You’ve seen it on the news. Your colleague can’t shut up about it.
NFTs are the internet’s latest obsession among crypto and blockchain enthusiasts.
The recent craze has been fuelled by headlines of multi-million-dollar sales and newly minted NFT millionaires.
So, what’s all the hype about? Are NFTs the next digital revolution or a speculative fad? What does NFT even stand for? And how can someone get in on the action?
To start us off, NFT stands for non-fungible token.
If I lost you at fungible, this guide will walk you through the burgeoning world of NFTs.
What are NFTs?
In economics, a fungible asset is defined as something with readily interchangeable units (read money).
You can swap a 20 dollar note for 4-5-dollar notes, and they will have the same value. Similarly, a single unit of Bitcoin is always equal to another unit.
But if an asset is non-fungible, it has unique properties that make it impossible to interchange it with something else.
As such, Non-Fungible Tokens are one-of-a-kind assets in the digital world.
They are a way of owning an original digital image that is easy to trade on the blockchain and can take the form of:
- Video and sports highlights
- Virtual avatars and video game skins
NFTs were initially launched on the Ethereum blockchain, but soon after, other blockchains, including Bitcoin Cash and FLOW, started supporting them.
Digital collectibles aren’t exactly a new concept. But despite being around since 2014, their popularity has exploded in the last couple of months.
Non-Fungible Tokens VS Cryptocurrency
Whereas cryptos are hailed as the digital response to currency, NFTs are now being touted as the digital solution to collectables.
It’s easy to confuse the two as they’re both built using the same kind of programming.
The main difference between cryptos and NFTs is that the former is fungible, meaning they can be exchanged or traded with another identical one of the same value.
NFTs are unique and not mutually interchangeable. Each NFT has a unique digital signature. This means that no two NFTs are similar –not even those that exist in the same collection, game, or platform.
How do They Work?
You have probably heard of stories of how famous traditional works of art like paints sell for millions of dollars. Such paintings are valuable because they’re one of a kind.
However, when it comes to digital files, it’s easy to duplicate them. Besides, anyone can view an image online for free. So why splurge on something you can easily download or screenshot?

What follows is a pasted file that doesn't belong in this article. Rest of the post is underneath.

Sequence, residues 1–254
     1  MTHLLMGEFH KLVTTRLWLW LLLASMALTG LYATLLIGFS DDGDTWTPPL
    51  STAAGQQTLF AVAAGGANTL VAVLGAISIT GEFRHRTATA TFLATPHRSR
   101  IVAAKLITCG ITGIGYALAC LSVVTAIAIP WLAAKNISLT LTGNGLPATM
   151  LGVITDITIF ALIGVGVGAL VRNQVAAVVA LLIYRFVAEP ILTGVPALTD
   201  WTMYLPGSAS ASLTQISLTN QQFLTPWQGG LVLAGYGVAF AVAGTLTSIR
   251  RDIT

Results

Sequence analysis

Well, because NFTs allow buyers to own the original items and retain creative rights. They’re tokenized to create a digital certificate of ownership with built-in authentications. This certificate serves as proof of ownership, and can be bought or sold.
Just like cryptos, a record of who owns what is stored securely on a distributed shared ledger (blockchain). Blockchain is the digital database underpinning cryptos such as Bitcoin and Ethereum.
Since thousands of computers maintain the ledger worldwide, the records cant be forged.
How NFTs work is that they create digital scarcity among otherwise infinitely available assets. Assuming an asset is in demand, cutting off its supply raises its value.
How to Buy/Sell NFTs
Before you purchase an NFT, you need to know the digital wallet required to store it, what marketplace to purchase from and what crypto you will need to complete the sale. You can buy cryptocurrencies on platforms like Kraken, Coinbase, and eToro using a credit card.
Top NFT marketplaces include:
- Nifty Gateway
- NFT ShowRoom
- Axie Marketplace
These marketplaces charge varying fees, so do your own research before settling on one.
You can also make and sell your NFTs on these marketplaces by uploading your content and following the instructions.
NFTs as Investment
So, are NFTs a bubble that’s poised to pop or are they actually investment opportunities?
NFTs afford gamers, collectors and artists a unique opportunity to monetize their wares trade without the involvement of a third-party or intermediary. A major challenge they face is plagiarism of artwork for the minting of NFTs. Scams are also common.
NFTs are risky because they’re still new, and we don’t yet have a lot of history to judge their performance.
If you have some cash to spare, it may be worth investing small amounts to try it out for now.
Hopefully, you now understand what NFTs are and how they work.
If you decide to take the plunge into NFTs investing, approach them just like you would any investment: Do proper research, understand the risks involved and proceed with a healthy dose of caution.